“We just don’t have the space here,” Arians said. “We’d have to travel somewhere.”
Arians said the Cardinals talked to “two or three” other teams about joint practices but it didn’t work out. One team Arians floated as one he wouldn’t mind teaming up with? Tennessee, with former coaching cohort (and former Cardinals head coach) Ken Whisenhunt.
— CB Jerraud Powers, ILB Sean Weatherspoon and RB Chris Johnson are all run testing today to test their hamstrings. If all goes well, they will practice Friday and the door isn’t closed on them playing in Oakland.
— Defensive end Ed Stinson is sitting out with a toe injury. Arians doesn’t think it is serious. It is not the same toe that derailed Stinson’s rookie season and eventually landed him on injured reserve.
— Arians acknowledged what had been speculated on frequently, that there is a possibility the Cardinals would only keep two quarterbacks and have a third on the practice squad.
— The punting battle remains even, Arians said. The coach acknowledged Dave Zastudil’s age and injury history have to be considered, and Arians added that he thought Drew Butler did a good job last season except for that terrible playoff outing. “That was really the only game he struggled,” Arians said. However, Arians added, “it’s still the best guy for the job” and these last two games will be factors.
Tags: Chris Johnson, Dave Zastudil, Drew Butler, Ed Stinson, Jerraud Powers, joint practices, Sean Weatherspoon, Titans
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There is often change this time of year for any coaching staff and front office. Coming off a 10-6 season, it wouldn’t have been surprising if anyone was poached from 8701 S. Hardy. But it sure looks like — barring something unforeseen — that the band will stay together for another season.
Bruce Arians already said he was hoping his coaching staff would stay intact. There were rumblings Alabama might want quarterbacks coach Freddie Kitchens for their offensive coordinator spot, but it was clear quickly Kitchens didn’t want to leave the NFL and the Tide went with Lane Kiffin. When Ken Whisenhunt was hired to be the Titans’ new head coach, there was a chance he might seek a reunion with Cardinals strength and conditioning coordinator John Lott — but then came the news that the Titans would be retaining their own strength coach, Steve Watterson. (Now, some assistant coaches are sometimes retained in the wake of a head coaching change only to be let go soon after. That happened with the Cards just last season, when the defensive coaches were kept after Whisenhunt was fired, only to have them let go in the wake of the Bruce Arians hire.)
Vice president of player personnel Jason Licht has interviewed for the vacant general manager jobs in both Miami and Tampa Bay, but the Dolphins keep bringing in new candidates and the Bucs apparently are leaning elsewhere.
And of course, the biggest news for the Cardinals is that defensive coordinator Todd Bowles will be sticking around. The Vikings hired Mike Zimmer to be their head coach, meaning Bowles wouldn’t be getting that job, and he had already withdrawn his name from consideration for the Browns’ vacant head coaching job. Having Bowles around for another season to build on a defense that ended up sixth in the NFL (and No. 1) against the run should put the Cardinals in good defensive shape for 2014. Continuity is always a good thing.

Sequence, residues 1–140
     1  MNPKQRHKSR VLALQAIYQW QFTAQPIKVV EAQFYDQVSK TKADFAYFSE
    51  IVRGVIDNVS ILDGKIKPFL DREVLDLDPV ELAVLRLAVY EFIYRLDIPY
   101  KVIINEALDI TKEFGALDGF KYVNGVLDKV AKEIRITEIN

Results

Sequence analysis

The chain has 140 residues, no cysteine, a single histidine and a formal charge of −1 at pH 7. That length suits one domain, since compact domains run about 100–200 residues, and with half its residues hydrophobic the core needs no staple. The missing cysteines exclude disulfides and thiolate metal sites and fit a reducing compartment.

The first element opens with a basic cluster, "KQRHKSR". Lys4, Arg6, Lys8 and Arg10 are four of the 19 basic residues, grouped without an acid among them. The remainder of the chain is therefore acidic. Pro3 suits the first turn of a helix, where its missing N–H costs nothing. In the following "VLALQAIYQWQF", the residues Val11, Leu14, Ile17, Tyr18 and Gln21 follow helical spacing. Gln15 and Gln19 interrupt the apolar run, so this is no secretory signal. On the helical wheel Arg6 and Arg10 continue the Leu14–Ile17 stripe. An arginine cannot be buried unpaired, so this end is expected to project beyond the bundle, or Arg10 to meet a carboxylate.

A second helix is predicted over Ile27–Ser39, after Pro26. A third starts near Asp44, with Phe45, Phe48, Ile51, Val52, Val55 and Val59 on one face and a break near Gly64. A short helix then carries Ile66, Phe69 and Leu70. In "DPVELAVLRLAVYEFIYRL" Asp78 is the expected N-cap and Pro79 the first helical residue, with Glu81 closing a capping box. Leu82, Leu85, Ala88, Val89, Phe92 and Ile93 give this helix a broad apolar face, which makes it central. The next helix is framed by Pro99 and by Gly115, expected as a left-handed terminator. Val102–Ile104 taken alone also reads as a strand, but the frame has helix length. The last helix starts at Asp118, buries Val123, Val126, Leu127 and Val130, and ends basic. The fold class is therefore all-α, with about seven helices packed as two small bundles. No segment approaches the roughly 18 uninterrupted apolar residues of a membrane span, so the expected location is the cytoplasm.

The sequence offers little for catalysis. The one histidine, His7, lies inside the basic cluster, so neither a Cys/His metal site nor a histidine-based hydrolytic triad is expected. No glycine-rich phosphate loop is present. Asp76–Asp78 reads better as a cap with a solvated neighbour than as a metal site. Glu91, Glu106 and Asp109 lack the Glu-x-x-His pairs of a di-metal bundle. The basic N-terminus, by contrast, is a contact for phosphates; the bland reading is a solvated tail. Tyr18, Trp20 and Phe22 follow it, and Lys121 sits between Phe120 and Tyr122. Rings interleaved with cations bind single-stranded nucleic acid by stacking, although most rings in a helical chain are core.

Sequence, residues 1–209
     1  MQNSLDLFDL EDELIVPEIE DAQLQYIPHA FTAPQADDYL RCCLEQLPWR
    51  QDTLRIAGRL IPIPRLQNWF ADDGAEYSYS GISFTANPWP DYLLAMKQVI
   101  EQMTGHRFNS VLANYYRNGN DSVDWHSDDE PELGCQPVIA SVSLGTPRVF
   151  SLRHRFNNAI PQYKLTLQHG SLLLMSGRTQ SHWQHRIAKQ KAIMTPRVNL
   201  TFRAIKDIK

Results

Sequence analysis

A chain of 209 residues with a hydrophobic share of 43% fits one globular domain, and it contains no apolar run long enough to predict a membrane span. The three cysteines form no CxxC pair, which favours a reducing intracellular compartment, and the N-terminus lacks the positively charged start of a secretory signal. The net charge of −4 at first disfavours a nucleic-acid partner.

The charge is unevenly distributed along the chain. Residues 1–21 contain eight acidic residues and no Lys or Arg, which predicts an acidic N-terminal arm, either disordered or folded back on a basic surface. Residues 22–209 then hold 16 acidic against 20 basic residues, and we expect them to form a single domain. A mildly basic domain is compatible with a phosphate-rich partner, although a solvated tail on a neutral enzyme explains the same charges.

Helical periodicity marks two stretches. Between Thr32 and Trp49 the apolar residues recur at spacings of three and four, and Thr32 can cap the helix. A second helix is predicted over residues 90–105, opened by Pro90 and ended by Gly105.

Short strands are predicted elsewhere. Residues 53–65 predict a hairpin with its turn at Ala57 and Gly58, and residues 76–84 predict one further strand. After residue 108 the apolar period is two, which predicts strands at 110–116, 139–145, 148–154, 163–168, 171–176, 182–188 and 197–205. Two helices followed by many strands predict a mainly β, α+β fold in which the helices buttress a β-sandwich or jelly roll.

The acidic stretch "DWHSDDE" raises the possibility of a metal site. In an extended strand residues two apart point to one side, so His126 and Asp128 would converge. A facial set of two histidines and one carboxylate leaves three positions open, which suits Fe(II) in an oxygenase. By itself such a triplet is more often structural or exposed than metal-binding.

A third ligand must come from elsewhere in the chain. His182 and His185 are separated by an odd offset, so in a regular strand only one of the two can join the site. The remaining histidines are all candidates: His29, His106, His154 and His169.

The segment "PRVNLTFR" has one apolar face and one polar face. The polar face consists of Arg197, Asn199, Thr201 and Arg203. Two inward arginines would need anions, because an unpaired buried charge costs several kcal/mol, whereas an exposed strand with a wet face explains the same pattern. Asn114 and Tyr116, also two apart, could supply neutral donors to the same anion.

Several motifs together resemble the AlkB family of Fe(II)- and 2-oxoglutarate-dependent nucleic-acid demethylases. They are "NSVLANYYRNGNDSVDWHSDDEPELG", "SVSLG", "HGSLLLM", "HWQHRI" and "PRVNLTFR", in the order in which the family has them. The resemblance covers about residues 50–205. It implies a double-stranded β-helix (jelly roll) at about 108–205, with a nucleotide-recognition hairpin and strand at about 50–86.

Tags: Bruce Arians, coaching staff, Freddie Kitchens, Jason Licht, John Lott, Ken Whisenhunt, Titans, Todd Bowles
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Ken Whisenhunt gets his second chance. The news came down Monday evening that the Titans had hired the Chargers offensive coordinator and former Cardinals head coach to be their new head coach. It was a surprise on a lot of levels, not the least of which that so many reports came out linking Whisenhunt with the Detroit opening and the fact the Lions are the lone team with a (more or less) established quarterback in place. It’s impossible to know if Whiz chose Tennessee over Detroit or if the Lions never really were that interested in Whiz. It doesn’t mean much now.
It will be interesting however to see how Whisenhunt works with QB Jake Locker. Can Whiz develop Locker, who thus far has not shown enough signs of being a long-term answer? Clearly, the inability for Whisenhunt (and to be fair, General Manager Rod Graves) to figure out the post-Kurt Warner QB situation in Arizona killed his tenure here.
What really struck me about the hire when I first heard it was the link between Nashville, the Titans, Whiz and the Cardinals. That too goes back to the QB problems Whiz had in the desert. Back in the preseason of 2010 — that first go-round of football after Warner retired — the Cardinals had Matt Leinart as the starter, Derek Anderson as the backup and back-to-back exhibition games in Tennessee and in Chicago. In between, there was a few days in Nashville, a joint practice versus the Titans and then a final practice at Vanderbilt.
The relationship between Whisenhunt and Leinart was already fraying. In the joint practice, Leinart struggled against the Titans — at the time, Titans defenders started noticing how quickly Leinart went to his checkdown receiver — and the next day at Vandy, Whisenhunt shocked everyone by giving Anderson first-team snaps. Afterward, it became official that Anderson would be starting in Chicago. Leinart was angry. And things devolved from there.
Now Whisenhunt starts it over. Whiz had a very good run in Arizona, getting the franchise to places they had never been. He also made mistakes. It will be interesting to see if Whisenhunt learned from those missteps and apply that with the Titans.